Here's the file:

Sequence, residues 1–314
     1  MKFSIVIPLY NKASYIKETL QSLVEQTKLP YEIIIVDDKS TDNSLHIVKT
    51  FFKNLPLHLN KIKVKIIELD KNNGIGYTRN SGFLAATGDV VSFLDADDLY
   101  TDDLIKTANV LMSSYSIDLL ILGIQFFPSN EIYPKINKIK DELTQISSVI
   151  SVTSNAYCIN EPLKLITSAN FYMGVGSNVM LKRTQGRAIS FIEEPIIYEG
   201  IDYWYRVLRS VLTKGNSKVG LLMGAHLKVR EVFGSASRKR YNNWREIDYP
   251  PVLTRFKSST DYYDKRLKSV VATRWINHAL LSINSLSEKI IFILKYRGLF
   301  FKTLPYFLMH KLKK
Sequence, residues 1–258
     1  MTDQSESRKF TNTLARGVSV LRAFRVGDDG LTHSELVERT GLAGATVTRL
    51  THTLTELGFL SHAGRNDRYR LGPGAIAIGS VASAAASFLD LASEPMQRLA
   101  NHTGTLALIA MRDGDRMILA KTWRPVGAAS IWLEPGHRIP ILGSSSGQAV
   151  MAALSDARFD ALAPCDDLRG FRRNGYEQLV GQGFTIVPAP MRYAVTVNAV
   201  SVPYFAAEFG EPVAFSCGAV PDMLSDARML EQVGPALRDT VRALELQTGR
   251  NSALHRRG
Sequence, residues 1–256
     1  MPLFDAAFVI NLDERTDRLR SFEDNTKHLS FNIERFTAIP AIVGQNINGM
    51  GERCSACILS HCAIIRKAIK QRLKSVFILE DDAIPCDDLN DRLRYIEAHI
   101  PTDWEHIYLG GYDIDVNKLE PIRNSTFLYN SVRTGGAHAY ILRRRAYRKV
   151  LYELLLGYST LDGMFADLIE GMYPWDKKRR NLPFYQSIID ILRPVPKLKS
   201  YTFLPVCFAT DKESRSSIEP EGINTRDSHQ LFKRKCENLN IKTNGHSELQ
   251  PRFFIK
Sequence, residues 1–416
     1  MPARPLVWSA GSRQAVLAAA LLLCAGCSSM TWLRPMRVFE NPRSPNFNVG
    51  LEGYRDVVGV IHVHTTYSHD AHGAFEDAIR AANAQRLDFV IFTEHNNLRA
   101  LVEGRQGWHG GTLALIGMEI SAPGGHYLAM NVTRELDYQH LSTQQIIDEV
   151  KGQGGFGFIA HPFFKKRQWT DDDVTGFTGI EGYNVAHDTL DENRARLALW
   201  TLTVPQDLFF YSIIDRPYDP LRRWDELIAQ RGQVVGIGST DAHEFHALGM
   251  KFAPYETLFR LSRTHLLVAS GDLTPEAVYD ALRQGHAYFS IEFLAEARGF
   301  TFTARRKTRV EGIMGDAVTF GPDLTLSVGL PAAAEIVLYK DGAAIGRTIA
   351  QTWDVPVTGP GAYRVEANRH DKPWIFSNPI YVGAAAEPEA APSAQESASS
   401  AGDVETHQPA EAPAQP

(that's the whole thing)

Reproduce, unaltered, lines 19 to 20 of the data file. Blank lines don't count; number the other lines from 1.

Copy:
   101  PTDWEHIYLG GYDIDVNKLE PIRNSTFLYN SVRTGGAHAY ILRRRAYRKV
   151  LYELLLGYST LDGMFADLIE GMYPWDKKRR NLPFYQSIID ILRPVPKLKS